Ranching as a Conservation Strategy: Can Old Ranchers Save the New West?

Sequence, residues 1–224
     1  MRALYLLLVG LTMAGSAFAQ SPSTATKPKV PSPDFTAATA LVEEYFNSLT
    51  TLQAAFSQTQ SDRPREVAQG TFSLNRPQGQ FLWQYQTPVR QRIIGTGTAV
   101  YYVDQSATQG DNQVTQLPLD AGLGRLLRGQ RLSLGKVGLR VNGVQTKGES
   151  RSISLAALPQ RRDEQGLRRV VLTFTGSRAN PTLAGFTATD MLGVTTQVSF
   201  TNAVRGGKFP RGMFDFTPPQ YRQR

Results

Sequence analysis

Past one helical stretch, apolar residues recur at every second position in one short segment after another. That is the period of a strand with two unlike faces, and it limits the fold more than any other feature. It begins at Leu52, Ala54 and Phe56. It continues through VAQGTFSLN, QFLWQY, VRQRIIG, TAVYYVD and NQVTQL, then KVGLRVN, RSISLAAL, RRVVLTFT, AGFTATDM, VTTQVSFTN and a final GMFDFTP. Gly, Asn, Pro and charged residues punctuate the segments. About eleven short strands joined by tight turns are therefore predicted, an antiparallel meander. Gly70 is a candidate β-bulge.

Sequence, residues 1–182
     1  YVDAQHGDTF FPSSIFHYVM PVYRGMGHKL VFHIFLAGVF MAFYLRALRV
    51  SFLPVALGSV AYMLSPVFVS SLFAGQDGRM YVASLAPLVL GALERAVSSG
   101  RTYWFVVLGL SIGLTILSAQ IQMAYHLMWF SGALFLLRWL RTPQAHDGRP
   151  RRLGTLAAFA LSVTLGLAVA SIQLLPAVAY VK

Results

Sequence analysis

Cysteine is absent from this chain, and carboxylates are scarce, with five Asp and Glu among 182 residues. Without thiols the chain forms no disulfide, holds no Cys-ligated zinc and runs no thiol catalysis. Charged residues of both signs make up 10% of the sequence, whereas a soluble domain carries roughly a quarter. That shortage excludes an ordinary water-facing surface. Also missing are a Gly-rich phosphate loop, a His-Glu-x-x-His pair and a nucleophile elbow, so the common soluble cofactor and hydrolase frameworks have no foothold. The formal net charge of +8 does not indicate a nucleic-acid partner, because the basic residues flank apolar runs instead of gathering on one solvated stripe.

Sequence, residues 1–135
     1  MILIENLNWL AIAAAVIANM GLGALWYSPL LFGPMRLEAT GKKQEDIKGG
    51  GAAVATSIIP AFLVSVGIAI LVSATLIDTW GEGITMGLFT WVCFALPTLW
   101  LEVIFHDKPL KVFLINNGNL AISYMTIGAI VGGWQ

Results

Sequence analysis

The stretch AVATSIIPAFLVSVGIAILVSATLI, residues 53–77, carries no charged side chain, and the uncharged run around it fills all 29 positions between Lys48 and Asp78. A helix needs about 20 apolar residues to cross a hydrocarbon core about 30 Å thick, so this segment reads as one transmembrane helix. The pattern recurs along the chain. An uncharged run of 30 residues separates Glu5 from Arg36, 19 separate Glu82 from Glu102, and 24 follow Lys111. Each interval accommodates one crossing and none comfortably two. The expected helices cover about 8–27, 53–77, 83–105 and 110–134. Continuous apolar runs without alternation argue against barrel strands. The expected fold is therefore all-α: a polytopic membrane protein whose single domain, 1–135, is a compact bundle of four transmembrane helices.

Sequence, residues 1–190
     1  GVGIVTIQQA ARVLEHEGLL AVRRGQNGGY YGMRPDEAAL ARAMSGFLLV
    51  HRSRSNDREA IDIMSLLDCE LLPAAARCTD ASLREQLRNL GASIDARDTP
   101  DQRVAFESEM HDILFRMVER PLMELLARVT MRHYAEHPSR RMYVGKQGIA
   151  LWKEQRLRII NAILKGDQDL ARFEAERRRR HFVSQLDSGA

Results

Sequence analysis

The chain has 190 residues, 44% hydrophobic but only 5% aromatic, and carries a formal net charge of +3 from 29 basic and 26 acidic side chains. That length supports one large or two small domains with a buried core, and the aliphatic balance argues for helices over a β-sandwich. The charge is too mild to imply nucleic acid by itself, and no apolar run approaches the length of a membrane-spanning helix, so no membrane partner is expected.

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Working ranches are often promoted as means of private rangeland conservation because they can safeguard ecosystem services, protect open space, and maintain traditional ranching culture. To understand the potential for generating broad social benefits from what have come to be called "working landscapes", one must consider the synergies of people, environment, and institutions needed to accomplish conservation, as well as complicating factors of scale and uncertainty. Focusing on the problem as it has unfolded in the western United States, we review the state of knowledge about the extent of ranchland conversion; reasons why maintaining working ranches may benefit conservation; and the challenges and opportunities of rancher demographics, attitudes, values, and propensities for innovation. Based on this review, we explore whether the supply of traditional, full-time ranch owners is likely to be sufficient to meet conservation demand, and conclude that although demographic trends seem to suggest that it is not, there exist alternative enterprises and ownership forms that could achieve the goals of ranch conservation. We offer suggestions on how potential shortfalls might be addressed.

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